Seven forms of interactions exist in an organization at a given moment, and they can be quality, neutral or destructive. Quality interactions promote synergy to a variable degree but destructive interactions discourage synergy. Neutral interactions neither promote nor discourage synergy – but as long as they remain, there’s a real possibility that they’d develop into destructive interactions. Hence, their existence doesn’t serve the organization any good, and so it’s important that you are able to identify them during interactions.
Organizational structure or operating conditions partly determine neutral forms of interactions. In addition, when various interactions coexist, what results determines neutral forms of interactions. They’re not necessarily harmless; in fact, they can disrupt organizational operations, and worsen disagreements.
Let’s take a look at how the various types of neutral forms of interactions affect synergy in an organization.
Hierarchical Interaction Forms
It’s common to find a hierarchical structure, especially in large organizations. Hierarchy allows managers to communicate with subordinates in situations where the opinions or views of the subordinates don’t matter. It’s used in contexts where dialogue isn’t necessary. It’s one of the ways organizations use to ensure that employees follow bureaucratic rules, regulations or procedures.
This isn’t to say organizations don’t give employees a democratic chance to express their views concerning changing the bureaucracy. It can be amended, but, once in place, every employee would have to comply with them (procedure, regulations or rules). Let’s take a look at the following example by Dr. Rami Ben-Yshai in his book Organizational Synergy: A Practical Guide – Recalibrate Interactions to Achieve Peak Engagement, Productivity & Profit.
A Case of Service in a Military Organization
During his time serving the nation in the military, Ben-Yshai was involved in bringing about change in the weapons development procedure. The latter was a “top-down” way the management of the organization communicated with officers of lower rank with Chief of Staff at the topmost hierarchical level.
And because he was directly involved in the revision of the procedure, Ben-Yshai’s passion for synergistic processes and quality communication drove him to dialogue with various field units, collecting their views or perspectives, which would inform the amendment.
And because he incorporated their views or sentiments in creating the draft, the new procedure was widely acclaimed and adopted. It was something unprecedented, because the field units adopted it before it came into effect. This shows a high degree of internalization of the procedure, making adoption much easier. A new reality – a shared language – was successfully created, making boundaries clearer.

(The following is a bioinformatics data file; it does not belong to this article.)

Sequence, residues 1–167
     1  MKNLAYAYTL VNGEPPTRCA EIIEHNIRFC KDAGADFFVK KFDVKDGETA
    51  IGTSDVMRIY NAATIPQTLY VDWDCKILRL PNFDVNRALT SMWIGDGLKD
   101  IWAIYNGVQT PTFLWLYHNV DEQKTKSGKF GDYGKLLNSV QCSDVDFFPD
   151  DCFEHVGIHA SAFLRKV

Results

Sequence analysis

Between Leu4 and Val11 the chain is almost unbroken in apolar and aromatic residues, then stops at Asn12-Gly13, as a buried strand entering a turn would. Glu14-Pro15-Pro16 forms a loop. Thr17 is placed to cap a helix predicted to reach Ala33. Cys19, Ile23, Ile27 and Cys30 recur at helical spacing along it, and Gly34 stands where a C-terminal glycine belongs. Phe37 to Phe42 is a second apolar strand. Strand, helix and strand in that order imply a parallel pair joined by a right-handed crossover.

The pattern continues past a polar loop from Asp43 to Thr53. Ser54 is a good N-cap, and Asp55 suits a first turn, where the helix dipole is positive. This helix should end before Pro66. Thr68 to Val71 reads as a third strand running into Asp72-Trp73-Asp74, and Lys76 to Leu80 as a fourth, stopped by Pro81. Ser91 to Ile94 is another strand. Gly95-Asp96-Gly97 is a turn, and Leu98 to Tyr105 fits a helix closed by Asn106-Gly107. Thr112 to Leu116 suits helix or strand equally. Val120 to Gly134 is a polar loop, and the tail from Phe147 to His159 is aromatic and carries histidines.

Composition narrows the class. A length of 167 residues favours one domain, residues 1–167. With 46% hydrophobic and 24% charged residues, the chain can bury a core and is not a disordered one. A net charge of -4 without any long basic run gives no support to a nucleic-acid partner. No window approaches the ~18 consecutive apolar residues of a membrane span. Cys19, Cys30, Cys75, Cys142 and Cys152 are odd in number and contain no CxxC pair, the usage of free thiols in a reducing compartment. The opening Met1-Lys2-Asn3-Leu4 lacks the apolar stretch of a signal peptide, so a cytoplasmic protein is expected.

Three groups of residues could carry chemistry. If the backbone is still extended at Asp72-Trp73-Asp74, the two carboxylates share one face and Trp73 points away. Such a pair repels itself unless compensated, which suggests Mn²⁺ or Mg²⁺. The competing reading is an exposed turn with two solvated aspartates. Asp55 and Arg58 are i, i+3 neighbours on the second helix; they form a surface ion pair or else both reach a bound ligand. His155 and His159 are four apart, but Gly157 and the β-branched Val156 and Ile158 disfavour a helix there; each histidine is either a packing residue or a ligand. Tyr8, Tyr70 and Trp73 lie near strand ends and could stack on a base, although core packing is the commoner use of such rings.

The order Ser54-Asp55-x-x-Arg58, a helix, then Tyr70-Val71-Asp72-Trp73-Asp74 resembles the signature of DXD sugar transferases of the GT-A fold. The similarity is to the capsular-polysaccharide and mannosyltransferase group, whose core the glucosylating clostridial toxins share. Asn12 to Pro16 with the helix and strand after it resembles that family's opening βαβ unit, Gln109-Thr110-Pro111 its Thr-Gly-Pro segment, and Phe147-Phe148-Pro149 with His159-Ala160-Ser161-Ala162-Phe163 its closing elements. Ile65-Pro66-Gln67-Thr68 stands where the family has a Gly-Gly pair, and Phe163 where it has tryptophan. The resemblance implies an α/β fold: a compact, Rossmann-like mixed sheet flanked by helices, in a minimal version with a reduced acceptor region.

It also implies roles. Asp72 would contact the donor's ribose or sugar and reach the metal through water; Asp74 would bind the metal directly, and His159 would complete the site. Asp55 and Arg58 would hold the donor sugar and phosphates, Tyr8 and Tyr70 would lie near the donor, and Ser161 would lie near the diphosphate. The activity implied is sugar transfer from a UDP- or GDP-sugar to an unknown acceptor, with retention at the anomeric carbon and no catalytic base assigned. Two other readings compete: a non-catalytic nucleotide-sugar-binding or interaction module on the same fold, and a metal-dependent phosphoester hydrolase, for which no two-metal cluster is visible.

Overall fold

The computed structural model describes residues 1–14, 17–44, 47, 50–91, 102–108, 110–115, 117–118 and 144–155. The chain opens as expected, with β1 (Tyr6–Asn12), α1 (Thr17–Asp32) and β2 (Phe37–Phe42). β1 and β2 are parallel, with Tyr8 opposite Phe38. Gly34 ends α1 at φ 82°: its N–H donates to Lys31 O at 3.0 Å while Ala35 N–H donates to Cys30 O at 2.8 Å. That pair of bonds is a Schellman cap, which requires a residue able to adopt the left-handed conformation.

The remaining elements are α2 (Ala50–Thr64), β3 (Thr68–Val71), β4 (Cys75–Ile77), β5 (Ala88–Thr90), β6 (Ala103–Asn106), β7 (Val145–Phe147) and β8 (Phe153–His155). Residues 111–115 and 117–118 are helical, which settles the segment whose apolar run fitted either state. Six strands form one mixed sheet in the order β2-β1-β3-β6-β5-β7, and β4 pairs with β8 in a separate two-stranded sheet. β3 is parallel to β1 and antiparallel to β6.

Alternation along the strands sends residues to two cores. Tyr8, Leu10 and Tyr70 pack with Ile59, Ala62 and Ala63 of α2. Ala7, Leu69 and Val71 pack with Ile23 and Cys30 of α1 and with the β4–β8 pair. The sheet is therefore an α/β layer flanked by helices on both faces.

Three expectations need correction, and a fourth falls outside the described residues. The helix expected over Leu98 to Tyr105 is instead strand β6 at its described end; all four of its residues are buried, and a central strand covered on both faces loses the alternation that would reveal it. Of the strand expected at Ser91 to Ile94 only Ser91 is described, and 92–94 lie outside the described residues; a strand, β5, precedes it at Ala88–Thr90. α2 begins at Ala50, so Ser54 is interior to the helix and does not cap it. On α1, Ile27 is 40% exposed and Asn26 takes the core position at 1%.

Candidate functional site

Null Interaction Forms
It’s possible for organizational parties – units, individuals, departments, etc. – to have no connection between them. This could be a result of the nature of work processes, which don’t require the parties to connect. In such a case, there’s no effect on synergy – it’s a neutral circumstance. However, if the situation demands that units or individuals connect, and there’s no interaction, then it can affect synergy negatively, especially if either or both parties have developed a feeling of “disconnectedness”.
Take the case of online employees of a global organizations working at different time zones. In such a case, there’s no interaction between them, because different working hours disconnect them – naturally. Feelings of disconnectedness may not be apparent; hence, may not pose problems to synergy. A feeling of disconnectedness can be real if there’s no interaction or communication among physical team members who often see each other face to face. In fact, a sense of invasion can also develop.
The above example that all forms of interactions – just as boundaries – exist at the same time at any given instance. Absence of a member can bring out what the team has been taking for granted – connectedness and quality interactions.
In addition, just as the degree to which an employee or manager perceives the clarity of a boundary is subjective, so is the degree of disconnectedness. The sense of the latter can vary significantly between team members. And just as a feeling of disconnectedness develops to a variable degree, so is a sense (or sensation) of invasion.
This is evident when one or more team member is absent, and others begin to feel that the absentee is neglecting their duty; hence, place additional burden on others. Others can view this as an invasion of their workspace, viewing it as a threat to carrying out their respective (assigned) tasks effectively. One’s personality and how they relate to the absentee inform the difference in reactions.
Neutral forms of interactions don’t promote synergy, but, depending on work processes or the necessity to connect, they can transform into destructive forms. This transformation depends on the development of feelings of disconnectedness or invasion, perhaps because a team member went ‘silent’ or abdicated their duties. However, for matters that beyond someone’s control, such as time zones, the sensation of disconnectedness or invasion may not be apparent.
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